After years in the doldrums, investment trusts — those venerable pooled funds with names like Foreign and Colonial and City of London — are in danger of becoming fashionable. There are good reasons why they should be better known. They offer the possibility of high returns at low cost, as well as access to exotic asset classes that would otherwise be out of reach. They can be a way of spreading risk, if you do not have the time or the inclination to pick individual stocks for yourself. And they are generally cheaper than other vehicles for collective investment, such as unit trusts; the idea is that as little of your money as possible is eaten up by the layers of charges which Warren Buffett’s lifelong investing partner Charlie Munger vividly described as ‘the croupier’s take’. They are also surprisingly fascinating, or so I’ve found as a self-taught enthusiast.
For decades, City folk have favoured investment trusts over unit trusts and open-ended funds. Independent financial advisers ignored them, however, since they did not pay any commission. That, and the fact that unit trusts are easier to explain, has meant that the open-ended sector has dominated. Now, thanks to the Retail Distribution Review, the playing field has been levelled. From April, funds will not be allowed to pay commission to IFAs. So it is no longer in advisers’ and brokers’ interests to ignore investment trusts. Already retail investors are cottoning on to the advantages, and last year saw a 66 per cent rise in purchases of investment trusts through fund supermarkets.
Because investment trusts don’t pour money into marketing, they have been able to keep their charges under control. (The menace of performance fees is creeping in, but that is a discussion for another time.) Many, after all, were set up for canny Scotsmen. Take Scottish Mortgage, which I hold shares in. It was founded in 1909, by Alastair Macgregor and Carlyle Gifford, to profit from the rubber boom in the Malay peninsula by lending money to young Scots planters. Today it is one of the best-performing global trusts; it has held or raised its dividend for nearly 80 years — for an ongoing charge of half a per cent (0.51 per cent).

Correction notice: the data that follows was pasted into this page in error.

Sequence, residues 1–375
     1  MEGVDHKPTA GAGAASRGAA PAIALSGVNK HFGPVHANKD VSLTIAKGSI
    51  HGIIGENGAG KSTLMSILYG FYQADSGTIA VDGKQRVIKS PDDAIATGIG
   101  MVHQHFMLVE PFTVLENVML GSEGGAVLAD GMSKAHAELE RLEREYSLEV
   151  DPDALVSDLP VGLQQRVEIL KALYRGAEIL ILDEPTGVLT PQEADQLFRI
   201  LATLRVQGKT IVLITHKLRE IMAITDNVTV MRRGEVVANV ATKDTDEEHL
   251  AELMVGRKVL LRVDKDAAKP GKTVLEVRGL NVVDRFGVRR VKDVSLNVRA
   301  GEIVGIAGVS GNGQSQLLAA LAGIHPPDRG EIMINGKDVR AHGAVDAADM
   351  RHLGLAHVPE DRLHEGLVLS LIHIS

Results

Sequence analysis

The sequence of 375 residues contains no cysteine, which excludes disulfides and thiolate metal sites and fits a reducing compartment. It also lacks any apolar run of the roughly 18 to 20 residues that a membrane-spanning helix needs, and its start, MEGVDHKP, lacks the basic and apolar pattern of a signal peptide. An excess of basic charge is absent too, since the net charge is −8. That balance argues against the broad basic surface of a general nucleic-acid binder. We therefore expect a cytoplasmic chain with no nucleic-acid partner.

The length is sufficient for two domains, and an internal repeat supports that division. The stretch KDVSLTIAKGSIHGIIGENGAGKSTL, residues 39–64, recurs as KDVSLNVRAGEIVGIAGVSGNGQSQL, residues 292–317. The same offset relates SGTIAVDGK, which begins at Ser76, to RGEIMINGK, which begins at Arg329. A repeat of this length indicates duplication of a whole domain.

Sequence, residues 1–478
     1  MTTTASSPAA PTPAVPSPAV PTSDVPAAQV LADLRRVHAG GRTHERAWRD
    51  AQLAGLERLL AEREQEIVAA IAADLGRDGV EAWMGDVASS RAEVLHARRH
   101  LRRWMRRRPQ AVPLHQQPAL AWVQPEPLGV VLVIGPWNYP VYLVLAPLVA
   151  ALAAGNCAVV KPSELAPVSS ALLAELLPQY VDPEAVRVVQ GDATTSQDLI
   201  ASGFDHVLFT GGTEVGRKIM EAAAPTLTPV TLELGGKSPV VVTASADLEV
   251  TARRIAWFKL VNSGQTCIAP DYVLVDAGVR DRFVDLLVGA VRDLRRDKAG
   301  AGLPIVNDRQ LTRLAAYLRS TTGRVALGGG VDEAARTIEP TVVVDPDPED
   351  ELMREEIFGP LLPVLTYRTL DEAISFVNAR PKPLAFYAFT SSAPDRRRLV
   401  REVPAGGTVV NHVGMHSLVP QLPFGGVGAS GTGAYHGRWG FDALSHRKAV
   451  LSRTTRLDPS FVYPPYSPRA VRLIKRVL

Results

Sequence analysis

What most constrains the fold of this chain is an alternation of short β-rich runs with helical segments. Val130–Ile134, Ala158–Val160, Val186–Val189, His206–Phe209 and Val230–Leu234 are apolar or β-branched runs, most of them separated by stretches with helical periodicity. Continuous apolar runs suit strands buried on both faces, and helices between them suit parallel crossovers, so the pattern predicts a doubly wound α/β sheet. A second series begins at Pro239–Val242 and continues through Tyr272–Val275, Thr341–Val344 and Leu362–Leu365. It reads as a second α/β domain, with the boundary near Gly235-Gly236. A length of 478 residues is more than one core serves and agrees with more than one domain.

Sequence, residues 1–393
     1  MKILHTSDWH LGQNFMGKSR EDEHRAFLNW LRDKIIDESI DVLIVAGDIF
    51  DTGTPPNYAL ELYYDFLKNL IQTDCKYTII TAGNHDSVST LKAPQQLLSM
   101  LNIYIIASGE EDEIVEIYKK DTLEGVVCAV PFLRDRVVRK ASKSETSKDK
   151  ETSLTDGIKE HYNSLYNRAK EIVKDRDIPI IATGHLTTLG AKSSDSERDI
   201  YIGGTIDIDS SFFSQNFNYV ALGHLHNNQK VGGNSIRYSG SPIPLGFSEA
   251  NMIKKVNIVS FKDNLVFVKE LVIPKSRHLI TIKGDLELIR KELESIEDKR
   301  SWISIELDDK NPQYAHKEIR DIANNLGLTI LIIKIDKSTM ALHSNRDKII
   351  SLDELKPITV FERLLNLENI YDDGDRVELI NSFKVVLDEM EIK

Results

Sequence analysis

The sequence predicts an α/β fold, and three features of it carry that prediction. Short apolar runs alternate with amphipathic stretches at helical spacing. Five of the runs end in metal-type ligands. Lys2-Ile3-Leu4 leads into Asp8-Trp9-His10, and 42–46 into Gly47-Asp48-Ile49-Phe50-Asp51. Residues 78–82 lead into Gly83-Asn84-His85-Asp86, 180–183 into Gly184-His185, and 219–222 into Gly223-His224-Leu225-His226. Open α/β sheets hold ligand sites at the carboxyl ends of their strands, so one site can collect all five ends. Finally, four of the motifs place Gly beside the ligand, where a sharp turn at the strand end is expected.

Not only are investment trusts cheaper on the whole, but they also perform better than unit trusts. Alan Brierley, a number cruncher from Canaccord Genuity, compared trusts and funds operating in the same areas. He found that over the past five years trusts outperformed funds in 18 out of 19 cases.
But if you’re interested in finding bargains in this sector, it is vital to arm yourself with knowledge. All the data you need is freely available online. If you already own shares in a trust, you can go to the AGM and ask the managers questions — something you cannot do with unit trusts. Investment trusts also have an independent board of directors, who can fire a poorly performing management team and replace them. The directors also keep an eye on the level of borrowing (or ‘gearing’): trusts can borrow to enhance returns in rising markets; on the other hand, losses can be magnified if markets plummet.